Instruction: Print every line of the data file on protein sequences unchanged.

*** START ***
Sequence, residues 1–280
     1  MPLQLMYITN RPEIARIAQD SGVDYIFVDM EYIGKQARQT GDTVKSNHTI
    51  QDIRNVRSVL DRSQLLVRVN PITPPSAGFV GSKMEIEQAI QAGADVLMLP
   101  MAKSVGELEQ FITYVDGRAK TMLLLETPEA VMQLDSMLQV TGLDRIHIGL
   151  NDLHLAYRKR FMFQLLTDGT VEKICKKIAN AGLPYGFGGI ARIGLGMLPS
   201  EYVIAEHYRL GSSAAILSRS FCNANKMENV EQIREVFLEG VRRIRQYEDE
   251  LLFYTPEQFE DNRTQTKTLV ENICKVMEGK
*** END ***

Sequence, residues 1–280
     1  MPLQLMYITN RPEIARIAQD SGVDYIFVDM EYIGKQARQT GDTVKSNHTI
    51  QDIRNVRSVL DRSQLLVRVN PITPPSAGFV GSKMEIEQAI QAGADVLMLP
   101  MAKSVGELEQ FITYVDGRAK TMLLLETPEA VMQLDSMLQV TGLDRIHIGL
   151  NDLHLAYRKR FMFQLLTDGT VEKICKKIAN AGLPYGFGGI ARIGLGMLPS
   201  EYVIAEHYRL GSSAAILSRS FCNANKMENV EQIREVFLEG VRRIRQYEDE
   251  LLFYTPEQFE DNRTQTKTLV ENICKVMEGK